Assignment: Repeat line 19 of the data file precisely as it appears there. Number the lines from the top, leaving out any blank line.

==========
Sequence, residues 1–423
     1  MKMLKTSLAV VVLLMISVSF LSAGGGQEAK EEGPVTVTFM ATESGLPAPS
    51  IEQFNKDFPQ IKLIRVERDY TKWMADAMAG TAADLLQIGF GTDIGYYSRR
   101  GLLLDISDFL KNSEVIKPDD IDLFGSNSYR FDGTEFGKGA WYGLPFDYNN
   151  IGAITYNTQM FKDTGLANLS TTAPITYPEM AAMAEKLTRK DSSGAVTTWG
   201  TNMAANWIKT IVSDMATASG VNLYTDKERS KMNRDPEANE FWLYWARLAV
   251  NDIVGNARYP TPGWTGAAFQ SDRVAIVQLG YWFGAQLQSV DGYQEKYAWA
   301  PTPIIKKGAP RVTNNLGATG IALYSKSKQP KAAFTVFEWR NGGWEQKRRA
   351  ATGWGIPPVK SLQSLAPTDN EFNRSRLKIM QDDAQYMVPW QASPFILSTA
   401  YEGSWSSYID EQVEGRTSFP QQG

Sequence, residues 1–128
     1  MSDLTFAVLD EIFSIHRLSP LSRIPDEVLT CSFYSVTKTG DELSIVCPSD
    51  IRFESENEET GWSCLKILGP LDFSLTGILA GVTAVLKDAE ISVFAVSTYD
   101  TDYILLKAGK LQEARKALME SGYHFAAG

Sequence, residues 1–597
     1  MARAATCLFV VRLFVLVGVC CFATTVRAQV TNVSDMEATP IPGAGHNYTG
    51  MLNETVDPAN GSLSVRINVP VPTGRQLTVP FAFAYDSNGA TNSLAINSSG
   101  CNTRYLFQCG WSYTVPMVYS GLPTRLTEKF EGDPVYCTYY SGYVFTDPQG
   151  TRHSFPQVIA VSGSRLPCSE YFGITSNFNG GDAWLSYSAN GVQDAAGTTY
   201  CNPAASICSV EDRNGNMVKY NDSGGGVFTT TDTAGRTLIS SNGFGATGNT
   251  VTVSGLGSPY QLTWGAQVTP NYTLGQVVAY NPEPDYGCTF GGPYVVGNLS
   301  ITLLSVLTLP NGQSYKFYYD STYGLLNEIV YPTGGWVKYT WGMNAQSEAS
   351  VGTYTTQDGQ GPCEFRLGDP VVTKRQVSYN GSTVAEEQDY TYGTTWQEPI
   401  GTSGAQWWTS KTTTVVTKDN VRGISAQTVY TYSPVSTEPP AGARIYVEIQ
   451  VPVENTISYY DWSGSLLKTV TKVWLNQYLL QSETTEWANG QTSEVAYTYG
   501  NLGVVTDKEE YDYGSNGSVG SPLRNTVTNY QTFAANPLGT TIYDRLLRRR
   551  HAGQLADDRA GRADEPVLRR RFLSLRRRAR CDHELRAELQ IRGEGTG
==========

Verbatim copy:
   151  TRHSFPQVIA VSGSRLPCSE YFGITSNFNG GDAWLSYSAN GVQDAAGTTY